Batman: Damned has the caped crusader becoming the prime suspect in the death of the Joker and having to enlist the help of supernatural DC characters to find the real killer. In issue #1, Batman finds himself questioning whether or not he did kill the Joker because he cannot remember after being injured, and the more he discovers, the more questions and doubt arise. The story begins with the image of a flat line on a heart monitor followed by heartbeats running through eight panels until it is revealed to be Batman, being revived in an ambulance after being stabbed. This sets up one of the more chilling beginnings in recent comics with the realistic approach used by Bermejo. Batman needs to partner with John Constantine, who can recover the hero’s memories to solve the case. Finding out how the Joker died is the main plot of the story, but Batman: Damned is above all a visually stunning and haunting tour of Gotham City. With that being said, the final pages of #1 feature a haunting image that I do not want to spoil.

Issue #2 asks the question of whether the Joker is really alive, and to find the answer, Batman and Constantine must visit the underbelly of Gotham City. Constantine suggests that they visit someone at the Cavern Nightclub who may be able to help. Etrigan the Demon shows up at the Cavern as a rapper/DJ in one of the more bizarre parts of the story. After meeting with Etrigan, Batman and Constantine run out to the streets of Gotham City to find buildings on fire and the Joker’s smile replacing the Bat signal, which leads to a battle with a menacing Harley Quinn. Throughout the issue, there are flashbacks to Bruce Wayne’s childhood, where his parents are fighting and Bruce pulls a toy gun on his mom, setting up a very emotional scene that stuck with me for a few days.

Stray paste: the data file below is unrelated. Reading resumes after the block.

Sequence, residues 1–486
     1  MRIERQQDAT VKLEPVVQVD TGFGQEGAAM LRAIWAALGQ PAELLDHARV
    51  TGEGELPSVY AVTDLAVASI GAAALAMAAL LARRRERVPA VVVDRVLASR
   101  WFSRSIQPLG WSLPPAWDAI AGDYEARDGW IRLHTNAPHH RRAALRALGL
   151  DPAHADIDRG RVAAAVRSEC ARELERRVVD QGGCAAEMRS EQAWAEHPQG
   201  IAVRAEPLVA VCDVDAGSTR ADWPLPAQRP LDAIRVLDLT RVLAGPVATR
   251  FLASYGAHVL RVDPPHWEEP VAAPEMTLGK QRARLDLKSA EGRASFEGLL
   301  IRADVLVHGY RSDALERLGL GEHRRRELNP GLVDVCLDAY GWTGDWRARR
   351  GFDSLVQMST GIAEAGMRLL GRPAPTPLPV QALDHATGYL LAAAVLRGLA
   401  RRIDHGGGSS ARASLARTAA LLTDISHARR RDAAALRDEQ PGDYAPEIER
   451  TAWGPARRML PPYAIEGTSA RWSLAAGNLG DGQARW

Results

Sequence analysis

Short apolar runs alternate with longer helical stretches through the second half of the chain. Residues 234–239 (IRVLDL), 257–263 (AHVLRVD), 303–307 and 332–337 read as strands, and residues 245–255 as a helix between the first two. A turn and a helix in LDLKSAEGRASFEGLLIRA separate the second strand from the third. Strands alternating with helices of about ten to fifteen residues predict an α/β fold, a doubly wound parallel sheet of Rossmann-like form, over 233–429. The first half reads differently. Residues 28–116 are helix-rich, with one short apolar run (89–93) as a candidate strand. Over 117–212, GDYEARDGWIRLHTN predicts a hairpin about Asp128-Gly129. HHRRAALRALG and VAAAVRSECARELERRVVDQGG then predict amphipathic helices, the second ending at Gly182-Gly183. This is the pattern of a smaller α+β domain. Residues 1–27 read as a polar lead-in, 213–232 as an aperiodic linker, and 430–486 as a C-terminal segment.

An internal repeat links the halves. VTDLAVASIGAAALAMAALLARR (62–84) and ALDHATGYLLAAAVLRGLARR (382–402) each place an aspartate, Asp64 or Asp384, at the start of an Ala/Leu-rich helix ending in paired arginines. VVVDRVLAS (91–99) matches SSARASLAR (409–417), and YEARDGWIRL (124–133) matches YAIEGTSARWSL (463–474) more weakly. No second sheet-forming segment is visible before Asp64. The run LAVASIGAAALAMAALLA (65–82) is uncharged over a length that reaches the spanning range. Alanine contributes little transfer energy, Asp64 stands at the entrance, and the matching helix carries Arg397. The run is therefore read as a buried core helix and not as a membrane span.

While reading Batman: Damned I found myself getting lost in the world of Gotham City that Bermejo created. It’s dark and nasty, yet at the same time it’s beautiful—it is some of the finest artwork I saw in comics during all of 2018. As a whole, the story presents the reader with a unique vision of certain characters. The uses of Boston Brand/Deadman, Zatanna, Enchantress, and Etrigan are all creative and add a different dimension to the story. The character designs that Bermejo and Azzarello create are outstanding; at times Batman looks like Michael Keaton from the Tim Burton films and John Constantine looks identical to Sting. Although I’m not a fan of Harley Quinn in issue #2, Bermejo is able to capture insanity perfectly with his twisted version of the character.